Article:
yup! I bought this one pre cut and did all the welding. Saved at least $300. After building it I can see why bumpers are so dang expensive. That was a lot of welding and grinding!




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Old 12-24-2015, 01:26 PM   #10
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Classes at a community college would be your best bet. Gets your feet wet and you get a good idea of what equipment you will be needing. I have worked in machine/fab shops for over 30 yrs now and I am a design engineer but came up as a cnc machinist and tool and die work.

There is much satisfaction designing and making something that is functional and pleasing to the eye.
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Old 12-26-2015, 03:31 PM
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Thanks Everyone for suggestions. Very informative. I will check out local community college welding classes and go from there. Once i try and see what it takes to become one, then ill deside if its something i want to do on my own.
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Old 12-26-2015, 05:12 PM   #12
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yup! I bought this one pre cut and did all the welding. Saved at least $300. After building it I can see why bumpers are so dang expensive. That was a lot of welding and grinding!
Which bumper kit is that? If I get one I'll Tig weld it which will take a lot longer to weld but no clean up or grinding required. I've considered making my own but the trial and error part of most of my projects usually ends up costing me more then simply buying something. A kit seems like an ideal middle ground between my desire to DIY and personal ineptitude at design.
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Old 12-26-2015, 06:36 PM   #13
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Which bumper kit is that? If I get one I'll Tig weld it which will take a lot longer to weld but no clean up or grinding required. I've considered making my own but the trial and error part of most of my projects usually ends up costing me more then simply buying something. A kit seems like an ideal middle ground between my desire to DIY and personal ineptitude at design.
The company is called tab and slot. I have seen their stuff here and there, but they mostly fly under the radar. They really could make a killing though, it's a quality design and the grinding that I had to do to make the tabs fit together was pretty much nothing.

They are on ebay, but they only have one item for sale, a stinger for a steel bumper. Shoot them a message, I am sure if people had interest they would make some. I guess they do a lot of art and other stuff.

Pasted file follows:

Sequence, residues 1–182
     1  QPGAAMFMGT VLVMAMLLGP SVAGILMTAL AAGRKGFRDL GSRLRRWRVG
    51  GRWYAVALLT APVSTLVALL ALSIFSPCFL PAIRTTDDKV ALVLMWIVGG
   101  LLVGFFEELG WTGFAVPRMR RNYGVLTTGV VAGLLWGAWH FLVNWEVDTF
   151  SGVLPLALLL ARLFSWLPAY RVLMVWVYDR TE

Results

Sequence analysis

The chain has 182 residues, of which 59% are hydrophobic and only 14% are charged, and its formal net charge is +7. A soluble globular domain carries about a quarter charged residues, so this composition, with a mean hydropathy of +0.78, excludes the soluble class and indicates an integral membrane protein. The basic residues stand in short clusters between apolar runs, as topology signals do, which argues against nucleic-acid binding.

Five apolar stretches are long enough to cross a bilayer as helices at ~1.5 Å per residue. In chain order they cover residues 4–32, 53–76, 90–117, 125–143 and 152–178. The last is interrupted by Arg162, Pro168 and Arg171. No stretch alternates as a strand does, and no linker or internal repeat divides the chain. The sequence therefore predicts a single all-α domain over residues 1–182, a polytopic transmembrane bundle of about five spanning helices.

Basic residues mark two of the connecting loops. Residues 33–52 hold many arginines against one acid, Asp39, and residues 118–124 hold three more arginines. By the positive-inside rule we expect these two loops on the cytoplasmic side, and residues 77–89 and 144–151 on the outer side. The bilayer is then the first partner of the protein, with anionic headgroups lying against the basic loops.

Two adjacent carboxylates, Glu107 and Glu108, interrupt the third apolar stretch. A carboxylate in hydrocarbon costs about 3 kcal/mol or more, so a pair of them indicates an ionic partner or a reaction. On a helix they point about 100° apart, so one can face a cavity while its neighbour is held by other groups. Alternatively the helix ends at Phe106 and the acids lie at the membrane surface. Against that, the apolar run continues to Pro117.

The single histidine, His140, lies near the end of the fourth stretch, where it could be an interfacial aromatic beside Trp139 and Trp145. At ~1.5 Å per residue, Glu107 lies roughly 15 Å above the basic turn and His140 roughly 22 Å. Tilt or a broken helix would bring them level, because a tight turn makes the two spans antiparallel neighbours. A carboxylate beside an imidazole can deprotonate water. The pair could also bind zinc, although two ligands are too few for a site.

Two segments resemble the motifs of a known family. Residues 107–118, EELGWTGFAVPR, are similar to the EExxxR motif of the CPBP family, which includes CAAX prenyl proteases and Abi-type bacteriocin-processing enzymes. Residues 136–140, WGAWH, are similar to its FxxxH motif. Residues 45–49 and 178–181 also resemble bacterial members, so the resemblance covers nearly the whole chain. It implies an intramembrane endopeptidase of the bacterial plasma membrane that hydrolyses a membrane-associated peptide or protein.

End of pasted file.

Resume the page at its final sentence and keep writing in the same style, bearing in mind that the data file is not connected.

I paid like $200 for it, they forgot to ship 4 small parts. When I contacted them, they IMMEDIATELY refunded the full cost and shipped the missing parts. Stand up people. I would have been cool with just the parts, but they had already refunded my card.

The forward side is exposed, so it fills up with mud pretty well. Not a big deal, especially because I intend on doing a DIY tire carrier, so I can get in there to weld the spindle to the bumper.



And yea, I agree, DIY is fun, but unless you have a Burn Table and a brake, it's not going to come out this nice. Good middle ground.
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Old 12-26-2015, 07:26 PM   #14
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I just took an basic 2 hour class as that's always worked out best as most people (myself included) can be biased or mistaken when sharing their habits and styles. I'll be buying a welder soon but it will likely go no where near my 2015 JKW.
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Old 12-26-2015, 08:25 PM   #15
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Take a class at a local community college. You'll get to learn all of the different types of welding and which suits you best for your needs. Also having an instructor available to you is a lot more useful than a video. They can show you personally what you're doing right and what you're doing wrong. Nothing wrong with videos though. There are some good ones out there. They just don't replace an instructor.
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Old 12-26-2015, 08:55 PM   #16
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Just remember, do not listen to the guy that says "Its not about the machine, it's about the technique"

Having the proper machine is half the equation.
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Old 12-26-2015, 09:14 PM   #17
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As many have said, just takes practice, I learned to weld both MIG and TIG. Had someone that has done some welding for me to actually spend a few hours teaching me. I fitted the cage in my last race car but still have him come in and finish weld it, never welded anything my life depended on :-)
Would suggest starting with MIG and use shielding gas, flux core welding just looks like crap.
Remember practice, practice.
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Old 12-26-2015, 11:40 PM   #18
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The company is called tab and slot.
Thanks, I appreciate the reply. I will look them up and see what we can work out as I need a few projects to keep me busy this winter.